Rediscovering Urban Rivers: Los Angeles and Beyond
A new exhibit hopes to raise public awareness of and support for efforts to revitalize and restore waterways running through cities, particularly in Sao Paulo and Los Angeles.
In recent decades there has been a growing global movement within city planning to beautify urban rivers partly by restoring some segments to a more natural state and by developing alternative uses along the banks. There have been similar efforts in the project’s two cases studies. In Los Angeles, the County Board of Supervisors adopted the 1996 River Master Plan, and the City of Los Angeles has developed the Los Angeles River Revitalization Master Plan in the mid-2000s. These plans include efforts to reclaim some wetlands, create recreational opportunities, and encourage large-scale housing and commercial developments. The State of São Paulo developed a master plan for sewage collection and disposal in the mid-1980s and launched the Tietê River Project in 1991, which funded water treatment projects and made a commitment to stronger enforcement of existing emission standards.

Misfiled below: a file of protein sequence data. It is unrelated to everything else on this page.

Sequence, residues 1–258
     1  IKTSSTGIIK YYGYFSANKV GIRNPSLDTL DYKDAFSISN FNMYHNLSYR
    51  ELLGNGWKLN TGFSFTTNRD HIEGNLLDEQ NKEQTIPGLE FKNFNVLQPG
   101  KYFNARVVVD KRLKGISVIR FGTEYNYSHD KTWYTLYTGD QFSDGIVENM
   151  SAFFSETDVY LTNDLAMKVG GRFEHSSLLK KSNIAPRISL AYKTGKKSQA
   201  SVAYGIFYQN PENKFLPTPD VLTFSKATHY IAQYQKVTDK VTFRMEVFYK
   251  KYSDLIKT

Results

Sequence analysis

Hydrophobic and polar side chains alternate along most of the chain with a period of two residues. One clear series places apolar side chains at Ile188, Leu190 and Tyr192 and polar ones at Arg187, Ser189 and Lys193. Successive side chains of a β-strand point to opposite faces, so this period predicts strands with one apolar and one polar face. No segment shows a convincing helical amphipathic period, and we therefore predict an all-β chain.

Rediscovering Urban Rivers seeks to (1) document the urban impacts on the rivers, (2) review the plans to reclaim the rivers for new uses with a focus on which groups and neighborhoods will benefit, and (3) examinine the planning process to determine the extent of community participation. Urbanization in general has had adverse effects on rivers, such as paving over wetlands and floodplains for homes and businesses, and confining water flows to concrete channels. What is left of a river is heavily polluted by storm runoffs filled with trash, toxic chemicals, human and animal waste, other debris from the urbanized watershed, and from deliberate dumping by industries and individuals.
An important element of this movement is broad and well informed public discussion about the future of urban rivers. The project makes a contribution to this goal through a public exhibit based on fieldwork in Los Angeles and São Paulo. Check out the exhibit here.
Published: Wednesday, March 31, 2010